One year, I was a registration slash information desk guy.
A nostalgia convention.
Some radio-heads were talking about this radio station.

Might have been in Montana, or Idaho, or some other
rural locale.

The station was formerly a bus station, and there was some kind of dead drop.

While it was still the bus station.
Something about how it was a transit point for spies.
Something about some kind of listening post, that the Reds had set up.
Something about how it was eventually discovered.
Something about how the surrounding area –

No, wait.

That’s in the House Select Report on * redacted *
Only, you’ll never read that. It was never approved, and the
CIA guys disavowed everything.

Now, I found this former station.
I can make something come true, if you give me the location
of some unverified story. I like to find these spots, for
my portfolio.

Last week, I managed to get this band a gig.
They want to play this festival.
I told them to how fix their demo reel.
They told me where this diner is.

It’s allegedly the one that didn’t make the final album
cover of “Abandoned Luncheonette” by Hall & Oates.

Only, it’s the one where characters go, when they can’t
get into the diner of Hopper’s “Nighthawks” because
they don’t know the password there.

And they’re not very nice.

Me?
I’ve got just the trick.
I need the joint to myself, since it’s for a photo project.

I’ll tell them I can offer them the password.

Only, it’s for the diner during the day.
They’ll leave, and be pretty smug about having the
coveted password.

There’s a reason, though, why “Nighthawks” wasn’t portrayed
during the day.

Hopper never talked about it.

I could.

Only, it’s – well, I can’t remember what the word for “ill-advised” is, from
this dead language.

I only talked to this priestess once.

4 Comments

  1. Nancy Stohlman

    Trent!
    I love the rhythm in this section:
    Something about how it was a transit point for spies.
    Something about some kind of listening post, that the Reds had set up.
    Something about how it was eventually discovered.
    Something about how the surrounding area –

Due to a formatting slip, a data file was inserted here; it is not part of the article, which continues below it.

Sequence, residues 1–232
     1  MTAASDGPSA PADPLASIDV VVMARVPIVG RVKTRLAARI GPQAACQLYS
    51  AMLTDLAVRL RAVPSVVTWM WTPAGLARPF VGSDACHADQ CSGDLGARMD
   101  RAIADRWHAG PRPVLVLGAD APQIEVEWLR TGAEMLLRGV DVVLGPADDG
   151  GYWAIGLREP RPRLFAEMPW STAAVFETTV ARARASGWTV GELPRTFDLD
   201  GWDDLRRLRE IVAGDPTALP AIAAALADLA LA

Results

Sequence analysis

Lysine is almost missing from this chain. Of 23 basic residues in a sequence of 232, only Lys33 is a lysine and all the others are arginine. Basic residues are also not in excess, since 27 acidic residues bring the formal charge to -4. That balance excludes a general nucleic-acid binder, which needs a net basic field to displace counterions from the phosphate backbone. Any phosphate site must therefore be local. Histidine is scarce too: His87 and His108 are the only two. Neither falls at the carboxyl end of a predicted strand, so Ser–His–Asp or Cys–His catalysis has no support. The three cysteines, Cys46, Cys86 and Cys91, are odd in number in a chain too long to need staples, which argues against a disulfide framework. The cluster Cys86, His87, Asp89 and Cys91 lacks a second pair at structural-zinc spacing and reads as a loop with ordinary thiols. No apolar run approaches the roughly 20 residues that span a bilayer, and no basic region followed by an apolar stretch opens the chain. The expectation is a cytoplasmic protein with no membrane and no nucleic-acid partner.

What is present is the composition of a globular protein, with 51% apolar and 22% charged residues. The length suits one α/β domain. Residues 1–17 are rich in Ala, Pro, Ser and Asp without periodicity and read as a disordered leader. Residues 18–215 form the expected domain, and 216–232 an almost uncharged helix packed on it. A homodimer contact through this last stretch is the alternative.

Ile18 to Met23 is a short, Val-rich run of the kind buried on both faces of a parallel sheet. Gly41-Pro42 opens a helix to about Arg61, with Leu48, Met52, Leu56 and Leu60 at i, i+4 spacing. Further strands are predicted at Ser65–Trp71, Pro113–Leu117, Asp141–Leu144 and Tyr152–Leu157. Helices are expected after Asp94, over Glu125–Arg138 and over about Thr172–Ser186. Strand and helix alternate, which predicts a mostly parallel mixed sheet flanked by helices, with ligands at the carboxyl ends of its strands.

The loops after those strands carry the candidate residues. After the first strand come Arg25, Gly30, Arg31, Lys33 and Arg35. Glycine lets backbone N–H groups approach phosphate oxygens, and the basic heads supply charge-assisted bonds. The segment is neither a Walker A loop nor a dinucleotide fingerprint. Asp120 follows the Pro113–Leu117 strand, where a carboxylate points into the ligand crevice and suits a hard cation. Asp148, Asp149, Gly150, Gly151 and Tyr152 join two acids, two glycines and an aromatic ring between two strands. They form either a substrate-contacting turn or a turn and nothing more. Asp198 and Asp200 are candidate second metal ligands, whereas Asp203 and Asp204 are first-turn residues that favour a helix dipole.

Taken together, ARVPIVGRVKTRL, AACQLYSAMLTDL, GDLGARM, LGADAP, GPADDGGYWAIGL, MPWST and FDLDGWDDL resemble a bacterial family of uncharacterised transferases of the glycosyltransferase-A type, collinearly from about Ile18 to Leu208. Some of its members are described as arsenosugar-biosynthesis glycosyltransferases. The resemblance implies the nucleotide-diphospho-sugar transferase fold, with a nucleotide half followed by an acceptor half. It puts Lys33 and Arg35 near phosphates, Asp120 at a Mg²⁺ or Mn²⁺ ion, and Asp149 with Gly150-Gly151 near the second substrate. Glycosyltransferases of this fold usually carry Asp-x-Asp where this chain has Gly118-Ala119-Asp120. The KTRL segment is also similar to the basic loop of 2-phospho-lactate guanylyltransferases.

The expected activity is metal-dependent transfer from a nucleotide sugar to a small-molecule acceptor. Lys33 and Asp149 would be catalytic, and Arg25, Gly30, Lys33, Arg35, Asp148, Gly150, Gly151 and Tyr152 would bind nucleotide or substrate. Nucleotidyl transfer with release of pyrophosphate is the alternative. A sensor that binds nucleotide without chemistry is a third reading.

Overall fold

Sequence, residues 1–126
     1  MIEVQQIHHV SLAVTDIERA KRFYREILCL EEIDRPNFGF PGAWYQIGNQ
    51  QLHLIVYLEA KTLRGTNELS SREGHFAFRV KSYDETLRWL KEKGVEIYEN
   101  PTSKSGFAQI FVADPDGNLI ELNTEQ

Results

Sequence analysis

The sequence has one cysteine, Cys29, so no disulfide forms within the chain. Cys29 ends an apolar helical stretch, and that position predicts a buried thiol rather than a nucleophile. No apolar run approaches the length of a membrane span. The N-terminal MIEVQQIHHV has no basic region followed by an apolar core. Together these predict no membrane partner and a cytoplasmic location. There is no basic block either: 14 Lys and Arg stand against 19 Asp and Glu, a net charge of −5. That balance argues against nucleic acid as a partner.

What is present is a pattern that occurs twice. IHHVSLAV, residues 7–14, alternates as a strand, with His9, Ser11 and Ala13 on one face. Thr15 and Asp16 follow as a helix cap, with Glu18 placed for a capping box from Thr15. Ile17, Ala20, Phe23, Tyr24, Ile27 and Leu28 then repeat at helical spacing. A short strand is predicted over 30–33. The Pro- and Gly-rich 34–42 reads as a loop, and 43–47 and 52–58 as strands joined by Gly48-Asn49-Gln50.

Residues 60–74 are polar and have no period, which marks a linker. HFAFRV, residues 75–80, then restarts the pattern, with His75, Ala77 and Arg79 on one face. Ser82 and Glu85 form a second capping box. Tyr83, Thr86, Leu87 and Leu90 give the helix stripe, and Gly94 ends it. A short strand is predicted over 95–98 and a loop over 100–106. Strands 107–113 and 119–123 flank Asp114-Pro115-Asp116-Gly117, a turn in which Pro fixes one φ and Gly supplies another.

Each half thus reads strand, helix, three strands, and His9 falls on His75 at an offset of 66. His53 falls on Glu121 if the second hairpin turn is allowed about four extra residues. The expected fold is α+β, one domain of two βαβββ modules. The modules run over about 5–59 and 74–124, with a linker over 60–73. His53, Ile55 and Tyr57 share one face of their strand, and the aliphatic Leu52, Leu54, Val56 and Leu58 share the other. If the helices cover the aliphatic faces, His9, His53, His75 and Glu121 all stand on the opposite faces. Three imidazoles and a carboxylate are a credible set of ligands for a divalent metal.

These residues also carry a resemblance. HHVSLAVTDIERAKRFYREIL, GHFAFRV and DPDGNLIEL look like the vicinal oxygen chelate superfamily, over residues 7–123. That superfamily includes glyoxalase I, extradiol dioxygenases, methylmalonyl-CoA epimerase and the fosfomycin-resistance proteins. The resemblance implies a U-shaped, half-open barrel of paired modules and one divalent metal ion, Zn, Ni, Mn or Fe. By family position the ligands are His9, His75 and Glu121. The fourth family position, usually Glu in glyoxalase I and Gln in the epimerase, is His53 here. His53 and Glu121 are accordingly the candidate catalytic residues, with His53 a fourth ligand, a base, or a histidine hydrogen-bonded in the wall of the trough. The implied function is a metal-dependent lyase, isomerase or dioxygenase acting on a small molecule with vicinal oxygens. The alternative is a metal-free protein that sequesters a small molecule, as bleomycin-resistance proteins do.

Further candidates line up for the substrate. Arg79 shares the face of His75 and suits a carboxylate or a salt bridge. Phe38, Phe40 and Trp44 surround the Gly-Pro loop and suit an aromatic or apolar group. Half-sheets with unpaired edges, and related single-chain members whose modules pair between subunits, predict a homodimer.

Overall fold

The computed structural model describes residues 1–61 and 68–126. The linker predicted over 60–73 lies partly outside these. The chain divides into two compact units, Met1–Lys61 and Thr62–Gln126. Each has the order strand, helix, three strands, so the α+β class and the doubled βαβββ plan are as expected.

And this idea of the password–it resonates for me both on the magical/spy realm and also the “realism” realm of “what is my damned password!” Ha.

    And the ending–I love the way the priestess just comes in there with complete authority. As if she was always there and I just missed it (in fact I reread just to make sure). So subtle: I only talked to this priestess once.
    The title is perfect for this as well, especially since the syntax feels almost “sputtering”. Love it!! xoxo

  2. Dominique Christina

    Ooh. You wrote something juicy Trent. I love how you enter the story and I really love how you exit it. The priestess’s sudden incursion is perfect. She is the knower. She’s the spinal column and you are putting meat on our plates with tight camera flash lines that are interrupted by your remembrance that well…we don’t actually get to know certain details. They’ve been redacted and the CIA guys disavowed. It’s so great. Leaves the reader suspended skillfully. Thank you for this. Really great work.

  3. Martha Jackson Kaplan

    Trent, This was not only fun to read, but touched something of our weird world too. I would love to see you put a backslash in place of the word “slash” and maybe some dashes too for the places that the staccato pace is strongest. Terrific.

    • Rhyannon Brightwater

      That was amazing, Trent! Maybe part of a poetic novel? I would read it. the rhythm was pure delight. I agree with Martha about slashes and dashes. I do them all the time when I write poetry but also sometimes in prose because it helps with scanning the line.

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